Publication statusPublished - 2009
MoE publication typeA1 Journal article-refereed

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Lactobacillus rhamnosus
Fermentation
Malus
Probiotics
Hydrochloric Acid
Bile
In Vitro Techniques
Cell Membrane
malic acid
Acids

Keywords

  • freeze-drying
  • fruit juice
  • Lactobacillus rhamnosus
  • stability

Cite this

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title = "Effect of the fermentation pH on the storage stability of Lactobacillus rhamnosus preparations and suitability of in vitro analyses of cell physiological functions to predict it",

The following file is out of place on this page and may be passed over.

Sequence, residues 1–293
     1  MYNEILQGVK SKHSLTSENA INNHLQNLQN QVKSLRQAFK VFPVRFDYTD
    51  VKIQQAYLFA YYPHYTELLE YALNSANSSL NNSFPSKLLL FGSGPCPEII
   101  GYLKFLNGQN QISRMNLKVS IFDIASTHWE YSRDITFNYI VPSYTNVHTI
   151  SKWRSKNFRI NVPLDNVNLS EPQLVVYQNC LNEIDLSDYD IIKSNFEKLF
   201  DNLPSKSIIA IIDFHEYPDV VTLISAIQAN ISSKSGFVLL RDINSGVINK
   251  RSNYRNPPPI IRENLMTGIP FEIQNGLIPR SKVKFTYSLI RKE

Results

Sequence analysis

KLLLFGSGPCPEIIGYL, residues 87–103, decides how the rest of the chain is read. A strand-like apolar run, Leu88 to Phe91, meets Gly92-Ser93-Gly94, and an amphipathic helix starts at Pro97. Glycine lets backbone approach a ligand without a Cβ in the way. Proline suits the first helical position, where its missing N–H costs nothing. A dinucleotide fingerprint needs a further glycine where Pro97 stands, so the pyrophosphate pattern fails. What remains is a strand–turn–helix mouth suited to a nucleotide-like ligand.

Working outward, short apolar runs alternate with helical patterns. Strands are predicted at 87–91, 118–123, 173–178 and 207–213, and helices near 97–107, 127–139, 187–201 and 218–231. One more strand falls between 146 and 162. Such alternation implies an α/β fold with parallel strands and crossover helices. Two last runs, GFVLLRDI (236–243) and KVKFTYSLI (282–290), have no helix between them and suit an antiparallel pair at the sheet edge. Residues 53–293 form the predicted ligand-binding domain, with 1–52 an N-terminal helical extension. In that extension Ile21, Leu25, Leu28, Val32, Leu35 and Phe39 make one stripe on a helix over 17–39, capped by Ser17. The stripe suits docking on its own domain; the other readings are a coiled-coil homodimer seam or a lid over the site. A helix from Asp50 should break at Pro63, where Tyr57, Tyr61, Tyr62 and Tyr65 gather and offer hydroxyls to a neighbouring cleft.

abstract = "Aims: To investigate how cell physiological functions can predict the stability of freeze‐dried probiotics. In addition, the effect of the fermentation pH on the stability of probiotics was investigated. Methods and Results: Fermenter‐grown (pH 5·8 or 5·0) Lactobacillus rhamnosus cells were freeze‐dried and their survival was evaluated during storage at 37°C, in apple juice and during acid [hydrochloric acid (HCl) and malic acid] and bile exposure. Cells grown at pH 5·0 were generally coping better with acid‐stress than cells grown at pH 5·8. Cells were more sensitive to malic acid compared with HCl. Short‐term stability results of Lact. rhamnosus cells in malic acid correlated well with the long‐term stability results in apple juice, whereas the results of cell membrane integrity studies were in accordance with bile exposure results. Conclusions: Malic acid exposure can prove useful in evaluating the long‐term stability of probiotic preparations in apple juice. Fermentation at reduced pH may ensure a better performance of Lact. rhamnosus cells during the subsequent acid‐stress. Significance and Impact of the Study: The beneficial effect of lowered fermentation pH to Lact. rhamnosus stability during storage in apple juice and the usefulness of malic acid test in predicting the stability were shown.",